The photo above shows the part the mansion that faced the Delaware River. Robert Logan wished to keep the property as close to nature as possible, forest-like with much foliage and multitudes of trees to act as a sanctuary for all living creatures.
If Logan knew the Pennsylvania Department of Conservation and Natural Resources, the curators of the present-day state park, allowed archery hunting for deer on a section of the property in the woods by the creek, he’d be twirling around in his grave.
Why then my compulsive and curious obsession with Sarobia? Don’t rightly have the answer to that. A photo of the estate’s carriage house and greenhouses superimposed onto a recent shot of Logan’s garden, shown in the previous entry of this series, looks so darn familiar to me and I don’t know why!
Perhaps I lived there in my previous life, or somewhere close-by. Maybe I knew the Logans or Richard Blossom Farley somehow.
Both Logan and Farley died after I was born, but Sara and Deborah passed away more than a decade before I entered this present incarnation. Seems silly to think this way, but I’m a proponent of reincarnation within one’s own species. Perhaps the metaphysical side of the Logans and Blossom Farley is what holds such a magnetic fascination to me.
Having become acquainted and corresponding with Jack, receiving copies of the wonderful slides displayed in these postings thus far and gaining much insight to the probing queries that have been needling me, I’ve still so many unanswered questions about which no one seems to have concrete explanations.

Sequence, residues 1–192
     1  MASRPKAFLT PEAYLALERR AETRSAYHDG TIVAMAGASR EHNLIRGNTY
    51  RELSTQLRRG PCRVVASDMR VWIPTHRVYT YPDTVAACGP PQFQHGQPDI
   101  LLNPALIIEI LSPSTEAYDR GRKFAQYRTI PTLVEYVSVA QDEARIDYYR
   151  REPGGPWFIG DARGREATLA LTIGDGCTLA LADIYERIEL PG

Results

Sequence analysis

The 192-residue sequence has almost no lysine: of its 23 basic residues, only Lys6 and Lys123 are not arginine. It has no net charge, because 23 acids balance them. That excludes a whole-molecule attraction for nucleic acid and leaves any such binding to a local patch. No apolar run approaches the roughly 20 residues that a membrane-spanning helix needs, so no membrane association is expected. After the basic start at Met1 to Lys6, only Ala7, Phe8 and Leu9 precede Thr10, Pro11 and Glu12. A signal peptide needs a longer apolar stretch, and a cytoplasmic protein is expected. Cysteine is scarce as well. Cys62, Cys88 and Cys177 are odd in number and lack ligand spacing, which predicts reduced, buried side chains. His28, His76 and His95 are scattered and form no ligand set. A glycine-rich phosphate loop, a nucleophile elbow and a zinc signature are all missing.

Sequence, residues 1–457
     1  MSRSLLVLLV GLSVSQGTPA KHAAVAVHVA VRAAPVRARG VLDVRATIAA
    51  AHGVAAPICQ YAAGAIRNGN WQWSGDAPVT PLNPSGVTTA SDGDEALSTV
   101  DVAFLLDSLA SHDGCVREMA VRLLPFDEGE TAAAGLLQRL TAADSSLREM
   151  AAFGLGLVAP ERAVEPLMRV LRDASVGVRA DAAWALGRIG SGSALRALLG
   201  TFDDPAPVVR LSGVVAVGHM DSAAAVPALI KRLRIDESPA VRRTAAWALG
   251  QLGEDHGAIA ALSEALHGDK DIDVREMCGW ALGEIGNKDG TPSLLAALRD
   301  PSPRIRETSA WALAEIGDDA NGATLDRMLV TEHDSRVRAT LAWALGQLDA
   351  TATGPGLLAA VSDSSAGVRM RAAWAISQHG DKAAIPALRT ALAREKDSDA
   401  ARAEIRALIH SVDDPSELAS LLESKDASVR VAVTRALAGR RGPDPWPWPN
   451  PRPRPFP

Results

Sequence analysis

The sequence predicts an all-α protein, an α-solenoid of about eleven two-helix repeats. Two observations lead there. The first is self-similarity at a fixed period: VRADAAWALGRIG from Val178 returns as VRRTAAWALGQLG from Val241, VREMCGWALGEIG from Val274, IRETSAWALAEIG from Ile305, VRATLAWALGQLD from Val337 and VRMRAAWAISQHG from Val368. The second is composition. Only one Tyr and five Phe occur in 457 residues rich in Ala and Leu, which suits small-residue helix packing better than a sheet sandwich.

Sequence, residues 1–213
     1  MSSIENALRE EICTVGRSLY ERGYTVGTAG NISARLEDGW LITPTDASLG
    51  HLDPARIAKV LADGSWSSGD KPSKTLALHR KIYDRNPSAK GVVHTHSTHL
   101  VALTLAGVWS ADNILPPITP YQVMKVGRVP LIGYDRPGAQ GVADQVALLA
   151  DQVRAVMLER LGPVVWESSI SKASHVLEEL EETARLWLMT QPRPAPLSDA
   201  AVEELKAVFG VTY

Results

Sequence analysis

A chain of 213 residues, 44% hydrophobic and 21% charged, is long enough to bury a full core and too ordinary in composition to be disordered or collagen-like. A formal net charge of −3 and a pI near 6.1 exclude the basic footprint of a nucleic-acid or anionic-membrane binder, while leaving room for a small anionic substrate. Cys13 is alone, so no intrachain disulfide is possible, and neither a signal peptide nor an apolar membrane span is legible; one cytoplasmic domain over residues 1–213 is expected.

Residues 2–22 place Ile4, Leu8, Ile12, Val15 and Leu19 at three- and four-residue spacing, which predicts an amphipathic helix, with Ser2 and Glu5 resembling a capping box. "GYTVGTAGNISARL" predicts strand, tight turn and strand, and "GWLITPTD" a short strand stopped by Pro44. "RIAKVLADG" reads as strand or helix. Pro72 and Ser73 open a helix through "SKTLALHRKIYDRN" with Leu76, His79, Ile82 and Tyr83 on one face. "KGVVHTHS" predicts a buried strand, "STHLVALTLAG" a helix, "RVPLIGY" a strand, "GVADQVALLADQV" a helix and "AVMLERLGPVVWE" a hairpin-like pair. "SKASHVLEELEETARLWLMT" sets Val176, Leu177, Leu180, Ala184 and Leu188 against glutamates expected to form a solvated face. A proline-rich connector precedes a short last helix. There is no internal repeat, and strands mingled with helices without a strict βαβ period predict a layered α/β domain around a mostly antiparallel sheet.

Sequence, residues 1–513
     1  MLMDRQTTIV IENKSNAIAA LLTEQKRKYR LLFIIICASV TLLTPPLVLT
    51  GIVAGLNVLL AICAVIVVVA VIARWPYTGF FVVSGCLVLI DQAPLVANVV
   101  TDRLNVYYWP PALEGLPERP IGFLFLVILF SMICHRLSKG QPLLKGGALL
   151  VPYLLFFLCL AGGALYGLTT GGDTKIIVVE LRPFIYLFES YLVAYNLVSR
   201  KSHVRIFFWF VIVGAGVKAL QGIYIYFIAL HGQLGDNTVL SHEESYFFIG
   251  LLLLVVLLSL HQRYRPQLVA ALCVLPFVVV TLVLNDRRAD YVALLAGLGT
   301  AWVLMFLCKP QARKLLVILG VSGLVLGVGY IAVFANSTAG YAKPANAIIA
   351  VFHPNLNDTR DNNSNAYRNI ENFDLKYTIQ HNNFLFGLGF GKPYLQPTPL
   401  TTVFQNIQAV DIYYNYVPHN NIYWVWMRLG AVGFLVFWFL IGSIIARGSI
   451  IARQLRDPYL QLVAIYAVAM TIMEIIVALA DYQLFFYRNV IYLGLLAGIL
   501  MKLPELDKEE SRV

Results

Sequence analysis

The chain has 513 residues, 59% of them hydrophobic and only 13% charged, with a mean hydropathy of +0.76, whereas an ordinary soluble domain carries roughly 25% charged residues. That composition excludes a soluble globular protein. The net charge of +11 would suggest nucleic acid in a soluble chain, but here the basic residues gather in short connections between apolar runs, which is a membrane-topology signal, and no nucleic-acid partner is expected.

Two areas where Robert Logan was fanatically devoted to the cosmetic upkeep of the grounds were his expansive gardens.
One was behind the house and still exists somewhat, to which is referred in these passages as “Logan’s garden.”
The other was a long, narrow swath of property heading southward from the side of the mansion, lined with tall evergreens and finely trimmed hedgerows.
The splendid showplace had a meticulously manicured lawn adorned with flowers in the spring and summer, draping lavishly for about 100 yards to its end where the sundial sat.
The following illustrations show how the grounds look today with and without the old photos superimposed upon them:
Notice in the photo above taken in 1965, the triangular needle and base plate of the sundial are missing, a result of the extensive vandalism that was occurring on the property after Robert’s death until the state fully took over the direct administration, security and maintenance of what was to become Neshaminy State Park.
Logan was an artist and sculptor in his own right. His specialty was making sundials. Below are a few shots of the artist in action:
The conclusion of this little addendum to what has already been documented in this journal about Sarobia will follow in the near future, with a closer examination of an American Impressionist, Richard Blossom Farley, and his artistic escapades on the old estate.
Thanks for your continued support.